Mark Coles and Paul Schuster
Listen to Mark Coles' full-length interview with Jack and Meg White, as 'Elephant' debuts at Number 1
"Usually good music means not a lot of record sales."
Jack White, Toerag Studio, London, April 2003
Did the ability to capture music on tape peak in the sixties? Yes, according to Jack and Meg White - otherwise known as 'The White Stripes', one of the most exciting rock outfits the music industry's seen for years.
The Detroit duo burst onto the British music scene in August 2001, going from virtual unknowns to what many hailed as 'the saviours of rock' almost overnight.
Now, over one-and-a-half years later, Mark Coles caught up with them at the Toerag Studio in Hackney, London, where they recorded their fourth studio alblum 'Elephant'.
Toerag is an unusual studio: you wont find a single piece of digital equipment there. No computer of any description. Jack says that their reasons for using the studio were simple.
"If someone says 'what are the great recordings in music?', they'll be going back to things like Buddy Holly, Little Richard, Elvis Presley and James Brown. And they were all done with this same equipment. It was never surpassed in my mind. They never improved on analogue equipment."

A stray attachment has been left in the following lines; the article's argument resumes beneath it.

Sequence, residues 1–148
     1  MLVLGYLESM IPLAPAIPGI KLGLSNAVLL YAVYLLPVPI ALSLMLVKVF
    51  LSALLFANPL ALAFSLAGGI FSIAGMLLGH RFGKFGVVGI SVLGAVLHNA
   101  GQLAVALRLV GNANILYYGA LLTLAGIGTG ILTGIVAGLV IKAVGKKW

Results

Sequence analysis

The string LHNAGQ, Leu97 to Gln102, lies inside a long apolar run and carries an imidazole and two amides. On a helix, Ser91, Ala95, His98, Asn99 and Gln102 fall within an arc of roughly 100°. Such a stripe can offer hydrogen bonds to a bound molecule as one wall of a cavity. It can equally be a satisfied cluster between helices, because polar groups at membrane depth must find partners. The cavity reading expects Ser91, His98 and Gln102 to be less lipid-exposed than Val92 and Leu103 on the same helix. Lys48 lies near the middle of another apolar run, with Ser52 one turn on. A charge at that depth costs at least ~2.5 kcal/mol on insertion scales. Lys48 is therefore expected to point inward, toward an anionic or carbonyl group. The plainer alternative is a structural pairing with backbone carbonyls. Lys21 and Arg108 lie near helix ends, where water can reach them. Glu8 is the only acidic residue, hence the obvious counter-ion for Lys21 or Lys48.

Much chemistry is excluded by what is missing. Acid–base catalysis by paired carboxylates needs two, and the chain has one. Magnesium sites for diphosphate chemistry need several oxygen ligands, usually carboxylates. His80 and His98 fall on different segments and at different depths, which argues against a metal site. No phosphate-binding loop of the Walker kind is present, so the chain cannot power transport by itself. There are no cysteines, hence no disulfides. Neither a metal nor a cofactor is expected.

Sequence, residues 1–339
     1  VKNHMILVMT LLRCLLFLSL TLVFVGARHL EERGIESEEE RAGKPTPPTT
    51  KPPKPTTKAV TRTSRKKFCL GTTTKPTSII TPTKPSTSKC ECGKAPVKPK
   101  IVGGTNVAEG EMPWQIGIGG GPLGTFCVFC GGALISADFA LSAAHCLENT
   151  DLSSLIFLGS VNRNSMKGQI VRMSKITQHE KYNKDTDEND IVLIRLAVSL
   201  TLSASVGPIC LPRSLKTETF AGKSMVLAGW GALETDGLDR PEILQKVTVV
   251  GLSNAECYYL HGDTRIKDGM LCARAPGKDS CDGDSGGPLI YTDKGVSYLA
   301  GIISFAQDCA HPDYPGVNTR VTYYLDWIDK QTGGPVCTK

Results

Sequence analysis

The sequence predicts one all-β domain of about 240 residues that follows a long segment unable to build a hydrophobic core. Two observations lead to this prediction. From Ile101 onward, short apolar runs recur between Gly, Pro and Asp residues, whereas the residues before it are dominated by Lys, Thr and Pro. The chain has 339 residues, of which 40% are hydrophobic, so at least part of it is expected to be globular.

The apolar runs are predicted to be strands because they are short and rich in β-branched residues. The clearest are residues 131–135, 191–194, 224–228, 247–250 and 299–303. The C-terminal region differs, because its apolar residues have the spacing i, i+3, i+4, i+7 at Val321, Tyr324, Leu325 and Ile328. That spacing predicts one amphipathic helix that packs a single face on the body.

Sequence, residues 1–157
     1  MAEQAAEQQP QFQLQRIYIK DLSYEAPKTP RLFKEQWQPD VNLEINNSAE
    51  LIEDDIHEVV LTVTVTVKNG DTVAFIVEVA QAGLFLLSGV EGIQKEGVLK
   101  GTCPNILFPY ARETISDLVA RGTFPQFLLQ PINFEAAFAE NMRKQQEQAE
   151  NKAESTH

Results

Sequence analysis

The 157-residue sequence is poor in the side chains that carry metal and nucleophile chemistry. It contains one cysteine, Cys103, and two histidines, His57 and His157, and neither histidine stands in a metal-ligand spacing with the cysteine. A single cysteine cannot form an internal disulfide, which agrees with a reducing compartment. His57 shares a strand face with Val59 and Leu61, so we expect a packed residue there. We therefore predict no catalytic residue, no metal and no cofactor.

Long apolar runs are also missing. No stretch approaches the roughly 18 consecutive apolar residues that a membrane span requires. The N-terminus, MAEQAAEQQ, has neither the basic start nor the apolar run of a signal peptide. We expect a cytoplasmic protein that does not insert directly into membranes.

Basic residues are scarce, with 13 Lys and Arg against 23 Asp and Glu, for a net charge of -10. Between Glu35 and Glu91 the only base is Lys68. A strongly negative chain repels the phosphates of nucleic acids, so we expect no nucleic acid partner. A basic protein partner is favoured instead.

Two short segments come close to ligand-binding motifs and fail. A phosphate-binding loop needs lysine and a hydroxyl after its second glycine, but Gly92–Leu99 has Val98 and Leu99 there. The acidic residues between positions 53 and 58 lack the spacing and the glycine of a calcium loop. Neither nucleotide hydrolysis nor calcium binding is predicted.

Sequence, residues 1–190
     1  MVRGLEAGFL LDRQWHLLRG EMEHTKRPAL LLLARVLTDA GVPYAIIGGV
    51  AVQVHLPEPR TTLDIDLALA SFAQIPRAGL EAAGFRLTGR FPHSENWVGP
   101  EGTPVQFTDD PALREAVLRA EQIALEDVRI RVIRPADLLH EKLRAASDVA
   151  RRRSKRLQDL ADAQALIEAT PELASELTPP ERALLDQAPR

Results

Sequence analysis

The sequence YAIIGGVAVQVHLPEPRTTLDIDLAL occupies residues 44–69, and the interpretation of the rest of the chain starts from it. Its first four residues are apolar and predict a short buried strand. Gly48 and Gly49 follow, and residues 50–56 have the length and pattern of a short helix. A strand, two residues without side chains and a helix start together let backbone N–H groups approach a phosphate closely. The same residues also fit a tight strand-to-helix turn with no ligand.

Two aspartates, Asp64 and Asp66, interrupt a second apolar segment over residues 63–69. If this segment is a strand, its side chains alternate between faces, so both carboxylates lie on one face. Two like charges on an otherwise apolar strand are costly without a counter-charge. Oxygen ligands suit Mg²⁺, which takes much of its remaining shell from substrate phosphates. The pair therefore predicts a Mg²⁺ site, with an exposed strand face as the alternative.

Along with engineer Liam Watson, Jack and Meg recorded and produced 'Elephant' in the same way they would have had they been recording decades earlier. Microphones, a piano, drum kit, reel-to-reel recorders, lots of tape and a carefully wielded razor-blade.
"If it's not a good song, then no amount of tweaking in the studio is going to make it good", Jack insists. "People can't resist technology. It's sold to them as if it is an easier way to do the same job."
"I think if we jump into that thing where we got into this big Los Angeles studio with a big producer, then we'd over-think everything."
Jack hopes the approach may catch on, reining in the large costs many bands are faced with when securing studio time. "Is music all about making studios rich? I don't think it should be."
"It shows people that you don't need to spend nine months and a million dollars recording an album to make good music."
With 'Elephant' debuting in the British album charts at number 1, Meg admits they're still trying to get their heads around the phenomenal success they've achieved. "It's amazing. It's something we never believed would happen. We never really thought we'd make it outside Detroit."
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